Hollywood has always profited from movie format innovations. Until recently, the studios would make huge bucks every time electronics companies come up with a new kind of tape or disc. (Own Titanic on VHS? You must have the DVD, too! Then don't forget the Blu-ray!) The cloud-based UltraViolet is the latest format, and it's a little bit different. Now, when you buy a DVD or Blu-ray movie from participating Hollywood studios, you'll also receive a 12-digit access code to the UltraViolet digital version that can be watched on any device yjay cam run the Flixter app. Early reports say that the UltraViolet titles won't cost more than regular DVDs, but still we're left to wonder why someone who prefers the convenience of digital streaming would be interested in owning a physical copy of a movie at all? Studio executives don't seem to have a great answer to that question, but whether its redundant or not, UltraViolet works great, they say (see the explainer graphic below). Critics seem less sure.
The cloud is the future. This isn't really news, but the way that movie studios are keeping a tight grip on streaming rights shows some novel methods of competing in the digitally dominant media space. Right now, everyone from Apple and Amazon to Netflix and Blockbuster have to secure licensing deals in order to stream movies directly from the cloud. The UltraViolet consortium--which includes pretty much every major studio except Disney--hopes to give consumers another, more direct option of streaming directly from the studio. In doing so, Hollywood holds on to heftier profit margins by avoiding splitting the pie with a technology partner. Disney is in fact going totally solo and launching their own streaming service in the next few months called Disney Studio All Access. After all, streaming services are clearly more convenient. "[Cloud storage] gives the benefit of ownership without the issues of long download time, storage constraints and the lack of interoperability," says Disney executive vice president Lori MacPhearson.
So why even bother with the DVD version? In the near term, this is consumers' only option. Hollywood is trying desperately to figure out a way to keep the high profit margins they earn from selling DVDs and sweetening the deal with a digital copy is better than doing nothing. "We want to emphasize the concept of 'buy once, play anywhere,'" Time Warner's president of digital distribution Thomas Gewecke explains to The Wall Street Journal. However, the requirement of buying a physical copy has some experts scratching their heads, however. "We are in a preservation game," James McQuivey, media technology analyst at Forrester Research, tells Reuters. "We are trying to preserve an eroding base of DVD and Blu-ray spend. I don't see any way in which this is going to reverse this slide."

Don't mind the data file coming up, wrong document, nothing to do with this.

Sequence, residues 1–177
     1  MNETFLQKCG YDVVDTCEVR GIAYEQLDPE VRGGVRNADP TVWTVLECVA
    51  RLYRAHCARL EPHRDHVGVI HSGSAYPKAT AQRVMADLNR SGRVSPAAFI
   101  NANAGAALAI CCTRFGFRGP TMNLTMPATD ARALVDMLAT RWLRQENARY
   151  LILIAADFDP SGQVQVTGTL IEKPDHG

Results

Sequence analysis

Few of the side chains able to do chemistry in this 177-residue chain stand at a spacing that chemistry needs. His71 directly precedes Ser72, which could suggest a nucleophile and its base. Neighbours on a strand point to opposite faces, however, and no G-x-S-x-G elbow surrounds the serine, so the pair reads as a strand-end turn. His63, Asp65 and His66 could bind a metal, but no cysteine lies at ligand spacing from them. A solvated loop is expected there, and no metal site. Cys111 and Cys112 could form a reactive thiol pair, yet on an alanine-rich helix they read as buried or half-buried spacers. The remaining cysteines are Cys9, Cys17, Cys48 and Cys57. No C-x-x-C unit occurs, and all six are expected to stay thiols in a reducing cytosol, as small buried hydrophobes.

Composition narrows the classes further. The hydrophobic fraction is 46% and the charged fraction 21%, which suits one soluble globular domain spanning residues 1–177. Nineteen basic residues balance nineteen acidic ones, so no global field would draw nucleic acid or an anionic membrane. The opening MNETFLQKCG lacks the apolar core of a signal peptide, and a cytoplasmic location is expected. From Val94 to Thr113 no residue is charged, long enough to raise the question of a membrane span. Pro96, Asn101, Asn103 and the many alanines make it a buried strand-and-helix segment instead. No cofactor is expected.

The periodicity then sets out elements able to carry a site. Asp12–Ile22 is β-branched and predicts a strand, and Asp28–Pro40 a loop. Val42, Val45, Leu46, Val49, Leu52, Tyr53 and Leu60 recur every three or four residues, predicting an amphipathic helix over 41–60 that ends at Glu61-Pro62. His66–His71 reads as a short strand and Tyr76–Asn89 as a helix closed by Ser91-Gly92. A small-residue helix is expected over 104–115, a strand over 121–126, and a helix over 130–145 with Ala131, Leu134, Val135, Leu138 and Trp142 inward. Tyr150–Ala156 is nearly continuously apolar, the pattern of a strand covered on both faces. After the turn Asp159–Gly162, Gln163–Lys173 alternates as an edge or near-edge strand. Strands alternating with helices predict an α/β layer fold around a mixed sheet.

This is about Apple and Amazon isn't it? According to the folks backing UltraViolet, the answer is yes. Hollywood owning their own digital rights management (DRM) format and streaming capabilities mean they won't have to depend on technology built by Apple and Amazon in the near term. As Peter Kafka at AllThingsD argues, however, the studios are inevitably linked to Apple and Amazon because they the device on which people want to watch movies:
For now UltraViolet is leaning on Flixster, which is already well-distributed on both iOS and Android--which means this should work on Amazon’s Kindle Fire, too. But there will be plenty of places for Apple or Amazon to flex their muscles and make it more difficult for UltraViolet down the line. On the other hand, the studios pushing UltraViolet have stuff that both Apple and Amazon want--digital rights for their movies and TV shows--so there could also be some horse-trading.
Kafka adds that this entire fiasco makes one very strong assumption that people actually want to own movies. "If you can pull down whatever you want from the cloud, whereever you are, who cares whether you 'own' it or not?" he says. "This concept used to be hard for people to grasp, but not anymore--which is why Netflix, despite its months of missteps, still has some 24 million subscribers."
This article is from the archive of our partner The Wire.
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